Oaxaca and the Media is a blog that will serve two purposes:

1. First, it will provide a space for me to respond to the readings and assignments for my International Journalism course at Ithaca College.

2. Second, it will function as my research journal during the course of my independent study on Oaxaca and the media.

In May 2006, riots broke out in the streets of in Oaxaca, Mexico, when police clashed with striking teachers during a demonstration. In response to the violence, a collective of teachers unions, workers cooperatives, non-governmental organizations and individual activists formed the Popular People’s Assembly of Oaxaca (APPO). The APPO organized increasingly large demonstrations until November 2006, when the APPO and the state government made a shaky truce.

During the conflict, blogs frequently described a very different situation from the APPO movement described by the mainstream media in both the U.S. and Mexico. While the mainstream media outlets described irregular riots and violent protesters, updates in various blogs discussed organized demonstrations and police brutality. Using a combination of empirical and critical methods, as well as theories discussed in the international journalism course, this project seeks to answer the following questions:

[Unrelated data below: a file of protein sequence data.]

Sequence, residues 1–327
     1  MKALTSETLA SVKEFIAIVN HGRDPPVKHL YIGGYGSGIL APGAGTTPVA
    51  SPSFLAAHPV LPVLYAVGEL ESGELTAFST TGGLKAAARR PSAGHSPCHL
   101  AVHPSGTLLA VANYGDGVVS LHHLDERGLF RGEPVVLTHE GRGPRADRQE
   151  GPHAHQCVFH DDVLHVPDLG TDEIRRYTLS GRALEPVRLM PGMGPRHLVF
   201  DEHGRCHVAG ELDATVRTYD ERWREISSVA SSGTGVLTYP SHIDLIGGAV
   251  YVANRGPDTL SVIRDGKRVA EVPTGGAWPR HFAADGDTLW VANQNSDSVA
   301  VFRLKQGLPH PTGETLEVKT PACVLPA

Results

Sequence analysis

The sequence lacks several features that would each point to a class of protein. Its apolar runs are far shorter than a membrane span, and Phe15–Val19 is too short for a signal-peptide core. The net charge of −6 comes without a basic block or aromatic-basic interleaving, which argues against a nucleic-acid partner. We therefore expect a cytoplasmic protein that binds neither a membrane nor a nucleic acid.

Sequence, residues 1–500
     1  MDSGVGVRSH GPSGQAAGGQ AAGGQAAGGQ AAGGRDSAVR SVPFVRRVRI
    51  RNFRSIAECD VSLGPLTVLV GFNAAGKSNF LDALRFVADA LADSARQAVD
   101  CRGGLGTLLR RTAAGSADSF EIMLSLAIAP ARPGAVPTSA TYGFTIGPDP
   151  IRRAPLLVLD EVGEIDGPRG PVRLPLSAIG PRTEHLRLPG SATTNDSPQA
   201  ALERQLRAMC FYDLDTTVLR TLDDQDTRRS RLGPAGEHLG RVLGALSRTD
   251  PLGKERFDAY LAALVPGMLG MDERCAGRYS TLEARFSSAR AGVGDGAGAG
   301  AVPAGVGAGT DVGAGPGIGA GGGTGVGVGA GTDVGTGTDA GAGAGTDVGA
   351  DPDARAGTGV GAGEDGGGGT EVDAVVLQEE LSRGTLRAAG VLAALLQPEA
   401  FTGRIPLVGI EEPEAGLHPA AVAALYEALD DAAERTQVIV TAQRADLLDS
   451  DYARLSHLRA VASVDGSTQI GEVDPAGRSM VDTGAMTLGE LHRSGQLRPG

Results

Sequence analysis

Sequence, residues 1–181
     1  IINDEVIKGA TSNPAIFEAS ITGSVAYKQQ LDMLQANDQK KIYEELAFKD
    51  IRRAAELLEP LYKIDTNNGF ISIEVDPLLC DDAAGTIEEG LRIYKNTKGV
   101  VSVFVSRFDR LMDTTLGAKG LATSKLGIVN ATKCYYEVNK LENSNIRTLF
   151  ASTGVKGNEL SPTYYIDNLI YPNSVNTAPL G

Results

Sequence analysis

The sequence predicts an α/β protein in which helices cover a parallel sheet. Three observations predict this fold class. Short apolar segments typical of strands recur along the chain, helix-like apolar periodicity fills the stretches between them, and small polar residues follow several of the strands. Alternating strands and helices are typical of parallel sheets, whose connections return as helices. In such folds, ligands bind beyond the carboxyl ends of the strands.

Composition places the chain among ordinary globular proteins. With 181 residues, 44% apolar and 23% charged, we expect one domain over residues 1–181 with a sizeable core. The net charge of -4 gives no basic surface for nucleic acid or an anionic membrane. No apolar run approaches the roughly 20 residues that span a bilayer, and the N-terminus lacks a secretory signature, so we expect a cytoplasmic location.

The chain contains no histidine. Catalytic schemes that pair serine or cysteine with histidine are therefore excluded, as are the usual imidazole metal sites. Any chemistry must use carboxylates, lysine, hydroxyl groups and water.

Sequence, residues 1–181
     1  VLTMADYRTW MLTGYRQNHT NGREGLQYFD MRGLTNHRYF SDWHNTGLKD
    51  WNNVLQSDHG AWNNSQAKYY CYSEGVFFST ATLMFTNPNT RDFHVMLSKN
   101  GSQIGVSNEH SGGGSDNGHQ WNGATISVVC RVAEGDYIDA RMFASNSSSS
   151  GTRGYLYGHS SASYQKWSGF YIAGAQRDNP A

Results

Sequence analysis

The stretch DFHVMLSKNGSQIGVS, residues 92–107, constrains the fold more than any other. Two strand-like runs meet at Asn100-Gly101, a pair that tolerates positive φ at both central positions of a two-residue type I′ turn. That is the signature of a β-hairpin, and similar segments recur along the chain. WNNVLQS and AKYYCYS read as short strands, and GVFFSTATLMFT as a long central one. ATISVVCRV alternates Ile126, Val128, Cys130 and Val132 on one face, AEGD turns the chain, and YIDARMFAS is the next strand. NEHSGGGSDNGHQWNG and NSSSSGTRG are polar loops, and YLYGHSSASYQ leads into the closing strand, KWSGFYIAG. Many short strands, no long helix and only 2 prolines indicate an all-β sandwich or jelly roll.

• What are the informational and content differences between mainstream media coverage of the APPO movement and coverage done by citizen journalists in blogs?
  • Why do these differences exist?
  • Can citizens use the Internet to set an agenda? If so, can agenda setting on the Internet be effective, and to what degree?
  • How do readers deal with the differences? To what extent can they interact with the coverage being provided to them, and with what results?

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